Or, take the Teapot Dome oil scandal. It kept the newspapers ringing with indignation in the early 1920s. It rocked the nation! Within the memory of living men, nothing like it had ever happened before in American public life. Here are the bare facts of the scandal: Albert B. Fall, secretary of the interior in Harding's cabinet, was entrusted with the leasing of government oil reserves at Elk Hill and Teapot Dome -- oil reserves that had been set aside for the future use of the Navy. Did Secretary Fall permit competitive bidding? No sir, He handed the fat, juicy contract outright to his friend Edward L. Doheny. And what did Doheny do? He gave Secretary Fall what he was pleased to call a "loan" of one hundred thousand dollars. Then, in a high-handed manner, Secretary Fall ordered United States Marines into the district to drive off competitors whose adjacent wells were sapping oil out of the Elk Hill reserves. These competitors, driven off their ground at the ends of guns and bayonets, rushed into court -- and blew the lid off the Teapot Dome scandal. A stench arose so vile that it ruined the Harding Administration, nauseated an entire nation, threatened to wreck the Republican party, and put Albert B. Fall behind prison bars.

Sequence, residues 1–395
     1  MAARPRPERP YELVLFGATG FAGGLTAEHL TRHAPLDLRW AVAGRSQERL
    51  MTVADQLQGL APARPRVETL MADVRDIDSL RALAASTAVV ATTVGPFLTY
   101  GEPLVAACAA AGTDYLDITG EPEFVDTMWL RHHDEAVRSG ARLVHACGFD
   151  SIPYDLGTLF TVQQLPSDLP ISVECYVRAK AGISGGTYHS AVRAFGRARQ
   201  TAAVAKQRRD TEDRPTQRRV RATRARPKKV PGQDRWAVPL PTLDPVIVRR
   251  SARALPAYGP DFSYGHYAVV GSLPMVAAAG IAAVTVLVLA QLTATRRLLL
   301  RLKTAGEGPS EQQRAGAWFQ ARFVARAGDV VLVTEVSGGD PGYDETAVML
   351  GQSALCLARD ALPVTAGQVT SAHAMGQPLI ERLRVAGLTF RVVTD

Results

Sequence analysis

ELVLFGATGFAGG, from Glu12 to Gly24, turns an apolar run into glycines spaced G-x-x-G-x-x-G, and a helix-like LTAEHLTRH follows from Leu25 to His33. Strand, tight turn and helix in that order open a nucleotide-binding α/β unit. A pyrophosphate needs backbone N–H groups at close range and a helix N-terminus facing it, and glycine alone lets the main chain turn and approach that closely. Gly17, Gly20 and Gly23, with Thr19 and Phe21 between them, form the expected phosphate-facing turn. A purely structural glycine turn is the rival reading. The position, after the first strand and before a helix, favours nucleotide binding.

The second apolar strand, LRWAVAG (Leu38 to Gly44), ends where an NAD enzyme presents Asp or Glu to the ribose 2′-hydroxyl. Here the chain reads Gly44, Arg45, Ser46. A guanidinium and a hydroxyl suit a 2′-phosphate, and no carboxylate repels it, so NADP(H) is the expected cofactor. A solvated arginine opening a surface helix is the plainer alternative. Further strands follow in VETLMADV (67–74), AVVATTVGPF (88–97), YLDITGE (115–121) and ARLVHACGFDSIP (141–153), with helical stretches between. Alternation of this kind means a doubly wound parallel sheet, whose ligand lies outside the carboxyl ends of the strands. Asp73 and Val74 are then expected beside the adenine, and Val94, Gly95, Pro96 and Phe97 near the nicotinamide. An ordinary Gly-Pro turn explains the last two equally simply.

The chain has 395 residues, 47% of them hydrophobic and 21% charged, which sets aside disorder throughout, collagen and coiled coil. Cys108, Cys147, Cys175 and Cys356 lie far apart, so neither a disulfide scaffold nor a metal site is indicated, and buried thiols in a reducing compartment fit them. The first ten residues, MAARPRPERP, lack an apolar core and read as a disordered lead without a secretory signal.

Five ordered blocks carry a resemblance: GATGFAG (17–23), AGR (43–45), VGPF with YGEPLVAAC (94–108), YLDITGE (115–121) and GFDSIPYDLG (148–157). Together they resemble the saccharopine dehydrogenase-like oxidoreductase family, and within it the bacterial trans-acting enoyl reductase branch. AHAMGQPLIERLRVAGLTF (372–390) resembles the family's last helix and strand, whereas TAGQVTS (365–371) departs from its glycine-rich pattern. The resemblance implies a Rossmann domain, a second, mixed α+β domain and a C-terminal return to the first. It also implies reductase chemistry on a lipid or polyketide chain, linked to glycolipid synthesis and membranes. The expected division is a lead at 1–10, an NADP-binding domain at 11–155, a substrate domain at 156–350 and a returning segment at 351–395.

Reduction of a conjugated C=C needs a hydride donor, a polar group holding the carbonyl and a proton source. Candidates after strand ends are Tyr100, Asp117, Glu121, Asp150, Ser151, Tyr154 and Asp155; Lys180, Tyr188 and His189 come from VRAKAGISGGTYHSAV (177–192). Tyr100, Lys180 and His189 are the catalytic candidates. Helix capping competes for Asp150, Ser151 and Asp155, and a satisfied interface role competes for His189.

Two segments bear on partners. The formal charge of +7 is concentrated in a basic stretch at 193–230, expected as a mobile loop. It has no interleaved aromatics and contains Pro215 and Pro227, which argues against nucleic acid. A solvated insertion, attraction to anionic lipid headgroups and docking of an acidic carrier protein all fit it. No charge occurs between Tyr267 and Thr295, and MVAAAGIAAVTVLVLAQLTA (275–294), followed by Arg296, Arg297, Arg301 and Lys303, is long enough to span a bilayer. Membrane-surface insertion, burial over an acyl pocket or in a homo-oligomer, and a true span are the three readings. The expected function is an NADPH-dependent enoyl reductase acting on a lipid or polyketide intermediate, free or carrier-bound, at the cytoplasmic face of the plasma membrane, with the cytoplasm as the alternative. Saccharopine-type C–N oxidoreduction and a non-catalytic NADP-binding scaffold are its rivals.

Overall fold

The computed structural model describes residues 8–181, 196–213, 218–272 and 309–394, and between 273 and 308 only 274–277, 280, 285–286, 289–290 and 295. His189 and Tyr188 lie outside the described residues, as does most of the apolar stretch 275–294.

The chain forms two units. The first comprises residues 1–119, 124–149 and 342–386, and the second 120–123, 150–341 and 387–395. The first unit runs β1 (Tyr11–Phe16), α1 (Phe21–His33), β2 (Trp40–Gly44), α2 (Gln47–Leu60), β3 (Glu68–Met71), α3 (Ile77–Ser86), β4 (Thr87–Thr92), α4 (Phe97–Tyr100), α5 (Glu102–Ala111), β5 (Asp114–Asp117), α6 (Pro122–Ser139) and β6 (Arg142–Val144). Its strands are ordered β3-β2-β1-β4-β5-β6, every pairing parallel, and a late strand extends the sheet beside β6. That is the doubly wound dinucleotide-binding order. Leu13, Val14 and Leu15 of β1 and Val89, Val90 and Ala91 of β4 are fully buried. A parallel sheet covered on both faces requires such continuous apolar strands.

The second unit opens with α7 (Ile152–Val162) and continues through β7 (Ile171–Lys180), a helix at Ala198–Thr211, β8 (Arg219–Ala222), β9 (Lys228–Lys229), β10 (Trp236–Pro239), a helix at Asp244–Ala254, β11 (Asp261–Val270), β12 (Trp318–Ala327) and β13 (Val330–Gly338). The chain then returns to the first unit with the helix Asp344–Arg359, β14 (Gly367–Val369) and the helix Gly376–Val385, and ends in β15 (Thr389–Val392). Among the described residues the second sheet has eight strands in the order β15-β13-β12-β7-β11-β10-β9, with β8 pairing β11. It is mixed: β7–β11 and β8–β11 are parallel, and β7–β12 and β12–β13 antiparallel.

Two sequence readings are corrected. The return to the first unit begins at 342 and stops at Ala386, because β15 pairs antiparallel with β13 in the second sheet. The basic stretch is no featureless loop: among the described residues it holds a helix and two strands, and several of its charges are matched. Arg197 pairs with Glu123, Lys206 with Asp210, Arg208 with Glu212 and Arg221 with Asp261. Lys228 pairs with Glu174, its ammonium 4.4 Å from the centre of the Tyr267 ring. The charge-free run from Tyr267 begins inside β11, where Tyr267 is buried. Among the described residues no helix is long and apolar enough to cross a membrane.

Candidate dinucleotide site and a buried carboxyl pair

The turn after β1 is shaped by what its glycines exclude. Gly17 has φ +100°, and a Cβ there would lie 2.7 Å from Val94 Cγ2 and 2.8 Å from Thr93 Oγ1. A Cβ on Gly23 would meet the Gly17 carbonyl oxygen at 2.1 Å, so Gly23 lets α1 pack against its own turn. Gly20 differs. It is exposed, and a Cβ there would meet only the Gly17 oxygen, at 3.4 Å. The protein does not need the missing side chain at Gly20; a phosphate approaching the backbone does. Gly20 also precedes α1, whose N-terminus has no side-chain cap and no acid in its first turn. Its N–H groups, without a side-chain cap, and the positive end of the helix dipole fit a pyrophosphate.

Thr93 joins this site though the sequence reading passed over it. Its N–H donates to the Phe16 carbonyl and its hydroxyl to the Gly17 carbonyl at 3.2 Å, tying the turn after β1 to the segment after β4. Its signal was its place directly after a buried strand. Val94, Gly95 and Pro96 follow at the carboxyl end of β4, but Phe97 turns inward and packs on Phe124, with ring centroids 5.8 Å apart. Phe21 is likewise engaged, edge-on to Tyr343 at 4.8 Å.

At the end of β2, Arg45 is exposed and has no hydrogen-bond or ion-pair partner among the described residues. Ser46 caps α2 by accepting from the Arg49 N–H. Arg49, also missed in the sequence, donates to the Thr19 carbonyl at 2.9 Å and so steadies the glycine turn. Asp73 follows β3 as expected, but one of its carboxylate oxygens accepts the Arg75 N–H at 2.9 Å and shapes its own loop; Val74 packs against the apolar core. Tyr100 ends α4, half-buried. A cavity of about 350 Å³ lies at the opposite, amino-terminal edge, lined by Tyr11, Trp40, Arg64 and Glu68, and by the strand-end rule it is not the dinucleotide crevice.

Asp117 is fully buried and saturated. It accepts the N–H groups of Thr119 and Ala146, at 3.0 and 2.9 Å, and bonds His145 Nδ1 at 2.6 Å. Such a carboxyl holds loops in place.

Fall was condemned viciously -- condemned as few men in public life have ever been. Did he repent? Never! Years later Herbert Hoover intimated in a public speech that President Harding's death had been due to mental anxiety and worry because a friend had betrayed him. When Mrs. Fall heard that, she sprang from her chair, she wept, she shook her fists at fate and screamed: "What! Harding betrayed by Fall? No! My husband never betrayed anyone. This whole house full of gold would not tempt my husband to do wrong. He is the one who has been betrayed and led to the slaughter and crucified."
There you are; human nature in action, wrongdoers, blaming everybody but themselves. We are all like that. So when you and I are tempted to criticize someone tomorrow, let's remember Al Capone, "Two Gun" Crowley and Albert Fall. Let's realize that criticisms are like homing pigeons. They always return home. Let's realize that the person we are going to correct and condemn will probably justify himself or herself, and condemn us in return; or, like the gentle Taft, will say: "I don't see how I could have done any differently from what I have."